Take Action to Defend Temp Workers and unionized employers
in high turnover industries: oppose A-908/S-2267.
In January Senator Nick Spano (R-Yonkers) and Assemblyman
Richard Brodsky (D-Westchester) introduced legislation on
low-wage temporary staffing firms that would dramatically
curtail temp workers’ rights and would create a competitive
cost advantage for low-road temp agencies over unionized
industries like home health, construction, building security
and food service by lowering payroll taxes for the temp employers.
This law promotes outsourcing and privatization and has a
negative fiscal impact on the state’s unemployment insurance
The bill would automatically deny temporary workers unemployment
benefits if they fail to contact the temporary agency within
five days of completing an assignment.
In contrast to current law and the rules as they apply to
all other workers, A-908/S-2267 would deny unemployment benefits
temporary workers regardless of whether a new work assignment
is actually available and regardless of whether the individual
was actively pursuing other job prospects.
For the past several years, the temporary help industry (American
Staffing Association/NY Association of Temporary & Staffing
Services) has been aggressively lobbying all the states to
enact the same bill that is now before the New York Legislature.
- Temp firms are looking to increase profits by bringing down
their unemployment tax rates. Unemployment tax rates are
determined, in part, by the number of unemployment claims
filed against individual temp agencies. With the vast growth
in the number of temporary help firms during the past decade,
price competition has increased significantly and profit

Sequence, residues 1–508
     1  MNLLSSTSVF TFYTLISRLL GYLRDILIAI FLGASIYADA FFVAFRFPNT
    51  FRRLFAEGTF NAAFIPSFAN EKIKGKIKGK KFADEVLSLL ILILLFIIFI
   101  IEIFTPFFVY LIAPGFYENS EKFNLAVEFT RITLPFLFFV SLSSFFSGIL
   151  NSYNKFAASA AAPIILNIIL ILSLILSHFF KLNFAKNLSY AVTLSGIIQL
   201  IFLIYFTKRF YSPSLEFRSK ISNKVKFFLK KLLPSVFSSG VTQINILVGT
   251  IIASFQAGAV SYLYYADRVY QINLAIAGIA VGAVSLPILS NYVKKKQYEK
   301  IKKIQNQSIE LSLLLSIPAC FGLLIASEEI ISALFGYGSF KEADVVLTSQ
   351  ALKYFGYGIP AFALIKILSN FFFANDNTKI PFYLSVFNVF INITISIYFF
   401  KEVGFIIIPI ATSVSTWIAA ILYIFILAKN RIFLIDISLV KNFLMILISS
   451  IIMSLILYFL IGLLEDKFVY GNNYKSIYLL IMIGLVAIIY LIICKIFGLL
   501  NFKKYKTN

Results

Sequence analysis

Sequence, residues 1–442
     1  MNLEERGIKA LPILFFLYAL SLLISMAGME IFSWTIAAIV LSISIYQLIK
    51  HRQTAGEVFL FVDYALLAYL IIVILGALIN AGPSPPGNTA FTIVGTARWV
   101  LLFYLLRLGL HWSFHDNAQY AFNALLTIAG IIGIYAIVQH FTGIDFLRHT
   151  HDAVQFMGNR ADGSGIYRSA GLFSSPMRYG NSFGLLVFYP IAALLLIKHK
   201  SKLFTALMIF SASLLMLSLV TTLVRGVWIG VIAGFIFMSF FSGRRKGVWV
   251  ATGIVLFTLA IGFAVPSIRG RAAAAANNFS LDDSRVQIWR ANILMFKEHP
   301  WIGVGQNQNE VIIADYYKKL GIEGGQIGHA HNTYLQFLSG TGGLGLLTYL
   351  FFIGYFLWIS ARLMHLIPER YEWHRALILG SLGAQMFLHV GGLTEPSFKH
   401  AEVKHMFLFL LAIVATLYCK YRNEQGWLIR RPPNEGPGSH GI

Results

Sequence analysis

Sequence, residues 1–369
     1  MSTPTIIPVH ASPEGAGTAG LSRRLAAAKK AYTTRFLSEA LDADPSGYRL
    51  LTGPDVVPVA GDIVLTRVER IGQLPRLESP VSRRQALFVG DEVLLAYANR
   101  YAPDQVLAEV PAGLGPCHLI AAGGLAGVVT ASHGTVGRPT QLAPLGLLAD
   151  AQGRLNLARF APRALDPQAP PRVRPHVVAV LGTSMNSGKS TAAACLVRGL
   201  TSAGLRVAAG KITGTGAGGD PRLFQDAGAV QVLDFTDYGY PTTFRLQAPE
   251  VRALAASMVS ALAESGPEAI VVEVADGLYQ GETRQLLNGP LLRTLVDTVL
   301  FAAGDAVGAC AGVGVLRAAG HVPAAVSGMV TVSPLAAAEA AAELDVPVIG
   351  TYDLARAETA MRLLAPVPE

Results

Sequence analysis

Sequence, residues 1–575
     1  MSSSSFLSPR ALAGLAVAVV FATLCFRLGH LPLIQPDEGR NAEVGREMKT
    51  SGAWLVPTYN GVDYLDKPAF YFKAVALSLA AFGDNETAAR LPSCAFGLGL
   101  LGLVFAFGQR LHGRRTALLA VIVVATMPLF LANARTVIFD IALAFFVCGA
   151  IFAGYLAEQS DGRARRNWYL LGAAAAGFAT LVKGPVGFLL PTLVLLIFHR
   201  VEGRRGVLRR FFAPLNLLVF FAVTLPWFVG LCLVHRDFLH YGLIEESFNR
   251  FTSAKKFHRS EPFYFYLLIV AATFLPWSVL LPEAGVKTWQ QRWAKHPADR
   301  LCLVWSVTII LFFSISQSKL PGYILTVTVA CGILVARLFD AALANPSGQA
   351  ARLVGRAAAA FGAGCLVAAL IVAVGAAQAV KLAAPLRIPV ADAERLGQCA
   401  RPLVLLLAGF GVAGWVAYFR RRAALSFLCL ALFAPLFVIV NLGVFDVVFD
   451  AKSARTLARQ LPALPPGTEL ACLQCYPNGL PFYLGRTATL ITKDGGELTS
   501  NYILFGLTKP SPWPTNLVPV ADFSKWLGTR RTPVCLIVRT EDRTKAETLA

margins have dropped. Thus, the temp industry has turned
to the unemployment
system to help make up the difference.
- Second, this seemingly technical rule is creating a loophole
that allows the temp industry to get around federal unemployment
laws. These federal protections are specifically designed
to maintain labor standards by allowing workers to refuse
offer of work, including temp work, when permanent work
is available in the community which is related to the
skills and work history. While the effect of AB 908’s
five-day rule is the same, it does not technically violate
the federal law because it stops short of requiring the
firm to make an offer of temporary work which the worker
be entitled to turn down.
This law encourages outsourcing and
punishes unionized employers in mid-high turnover industries.
Cuomo vetoed this
law a decade ago. Now temp firms think they can sneak
it by again.
“These laws essentially lock unemployed workers into
temporary jobs by preventing them from seeking alternative
employment. These provisions are pushed
by the temporary help industry as a means to guarantee a continuous stream of
workers and to avoid their own UI obligations. The labor movement must resist
this effort to degrade the employment opportunities of the unemployed."
Unemployment Insurance and Working Families:
An AFL-CIO Agenda for State Action
Adopted by the AFL-CIO State Legislative Conference, July 18, 1998.
Tell Senator Spano and Assemblyman Brodsky that you and your
organization oppose A-908/S-2267 and support laws that discourage
To become involved in the campaign contact New York Unemployment
Project at (212) 625-0288 or firstname.lastname@example.org.